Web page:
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Hold On Loosely: 5 Good Check-Ins to Assess Your College-Aged Child’s Mental Health

Young Adult Mental Health

As parents, we strive to offer our college-aged children the independence they need while staying connected enough to support their well-being. This delicate balance can be particularly challenging when it comes to mental health. With the pressures of college life, it’s crucial to keep an eye on your child's emotional and psychological state. Here are five effective check-ins that can help you assess and support your child's mental health.  


Open Conversations: Setting the Stage for Honest Dialogue


Maintaining open lines of communication is key when your kid is in college. Regularly ask open-ended questions like, "How are you feeling about your classes?" or "What’s been the highlight of your week?" These questions encourage your child to share their experiences and feelings without feeling pressured. Remember to listen actively and validate their emotions, making them feel heard and supported. 


Monitor Academic Performance: A Window into Their Well-Being


A significant drop in grades can be a red flag. Check in with your child about their academic progress. Ask if they are feeling overwhelmed or if they need help managing their coursework. Sometimes, academic struggles can be a symptom of underlying mental health issues such as anxiety or depression.  


Social Connections: Assessing Their Support System


College life can be socially demanding. Inquire about your child’s social life by asking questions like, "Have you made any new friends?" or "Are you involved in any campus activities?" A lack of social connections or withdrawal from social activities can be indicators of mental health concerns. Encourage them to engage in campus life and build a supportive network.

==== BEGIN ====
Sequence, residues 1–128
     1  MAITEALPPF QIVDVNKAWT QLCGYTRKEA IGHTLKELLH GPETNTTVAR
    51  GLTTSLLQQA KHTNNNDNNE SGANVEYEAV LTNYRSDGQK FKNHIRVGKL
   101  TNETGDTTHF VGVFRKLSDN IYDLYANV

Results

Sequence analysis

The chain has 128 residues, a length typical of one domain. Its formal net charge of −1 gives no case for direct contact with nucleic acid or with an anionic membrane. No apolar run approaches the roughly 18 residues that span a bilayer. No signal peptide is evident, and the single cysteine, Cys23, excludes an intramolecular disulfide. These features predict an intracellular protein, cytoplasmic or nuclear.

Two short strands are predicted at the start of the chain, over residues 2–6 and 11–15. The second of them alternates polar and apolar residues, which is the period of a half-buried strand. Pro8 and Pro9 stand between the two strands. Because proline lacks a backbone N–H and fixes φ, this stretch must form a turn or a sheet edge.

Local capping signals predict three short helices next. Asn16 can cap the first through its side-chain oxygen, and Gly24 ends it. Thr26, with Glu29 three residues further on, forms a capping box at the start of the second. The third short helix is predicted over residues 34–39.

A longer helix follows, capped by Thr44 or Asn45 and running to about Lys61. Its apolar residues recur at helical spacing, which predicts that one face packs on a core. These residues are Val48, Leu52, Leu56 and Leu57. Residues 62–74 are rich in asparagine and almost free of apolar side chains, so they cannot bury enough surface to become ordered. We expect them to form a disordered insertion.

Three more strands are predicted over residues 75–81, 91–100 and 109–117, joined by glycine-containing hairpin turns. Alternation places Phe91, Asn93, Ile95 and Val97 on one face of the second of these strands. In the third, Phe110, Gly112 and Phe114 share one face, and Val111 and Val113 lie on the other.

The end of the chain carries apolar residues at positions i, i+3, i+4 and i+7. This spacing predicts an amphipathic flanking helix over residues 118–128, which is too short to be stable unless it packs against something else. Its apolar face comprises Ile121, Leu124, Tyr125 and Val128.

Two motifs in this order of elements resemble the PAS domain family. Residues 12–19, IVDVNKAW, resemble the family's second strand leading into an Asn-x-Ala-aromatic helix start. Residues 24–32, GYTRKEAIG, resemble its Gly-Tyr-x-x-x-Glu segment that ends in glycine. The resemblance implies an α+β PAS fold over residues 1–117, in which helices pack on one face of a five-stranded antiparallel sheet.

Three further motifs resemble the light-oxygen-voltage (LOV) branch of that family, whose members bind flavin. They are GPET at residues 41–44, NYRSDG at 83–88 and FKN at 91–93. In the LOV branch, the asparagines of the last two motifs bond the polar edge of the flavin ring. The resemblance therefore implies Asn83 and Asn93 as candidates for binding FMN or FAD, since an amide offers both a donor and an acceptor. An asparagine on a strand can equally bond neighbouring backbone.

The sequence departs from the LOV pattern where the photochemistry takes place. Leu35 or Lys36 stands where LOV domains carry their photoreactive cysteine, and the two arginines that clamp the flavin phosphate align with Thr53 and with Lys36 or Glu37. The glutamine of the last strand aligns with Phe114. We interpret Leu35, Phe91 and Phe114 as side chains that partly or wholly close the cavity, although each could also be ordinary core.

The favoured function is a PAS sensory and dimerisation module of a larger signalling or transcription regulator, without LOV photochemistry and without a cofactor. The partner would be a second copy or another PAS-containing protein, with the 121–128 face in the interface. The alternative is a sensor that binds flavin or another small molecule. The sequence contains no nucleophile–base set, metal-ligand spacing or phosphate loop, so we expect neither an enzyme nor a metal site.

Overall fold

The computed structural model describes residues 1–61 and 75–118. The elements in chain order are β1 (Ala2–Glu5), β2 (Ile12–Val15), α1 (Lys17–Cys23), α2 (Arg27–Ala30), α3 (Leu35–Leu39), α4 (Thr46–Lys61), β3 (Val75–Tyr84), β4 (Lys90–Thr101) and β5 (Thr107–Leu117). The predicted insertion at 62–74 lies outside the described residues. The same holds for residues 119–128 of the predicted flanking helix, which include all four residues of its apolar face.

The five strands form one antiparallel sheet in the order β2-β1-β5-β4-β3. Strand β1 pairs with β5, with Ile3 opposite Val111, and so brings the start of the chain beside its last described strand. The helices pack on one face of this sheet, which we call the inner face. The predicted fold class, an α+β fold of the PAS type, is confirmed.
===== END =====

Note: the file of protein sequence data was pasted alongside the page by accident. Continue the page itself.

Observe Behavioral Changes: The Subtle Signs


Pay attention to changes in behavior, sleep patterns, and eating habits. If your child seems unusually withdrawn, irritable, or has drastic changes in their routine, it might be time to delve deeper. These subtle signs can often precede more serious mental health issues and should not be ignored. 


Encourage Professional Help: When to Seek Assistance


Sometimes, professional intervention is necessary. Encourage your child to visit the college counseling center or seek therapy if they express feelings of being overwhelmed or persistently sad. Reinforce the idea that seeking help is a sign of strength, not weakness.


Learn More About Momentum


As parents, holding on loosely while staying connected can make a significant difference in your child’s mental health during their college years. At Momentum Recovery, we are here to support you and your family through these challenges. By employing these check-ins, you can help ensure your child’s college experience is not only successful but also healthy and fulfilling.


If you need further assistance, don’t hesitate to reach out to us at Momentum Recovery. We're committed to helping families navigate these critical years with compassion and expertise.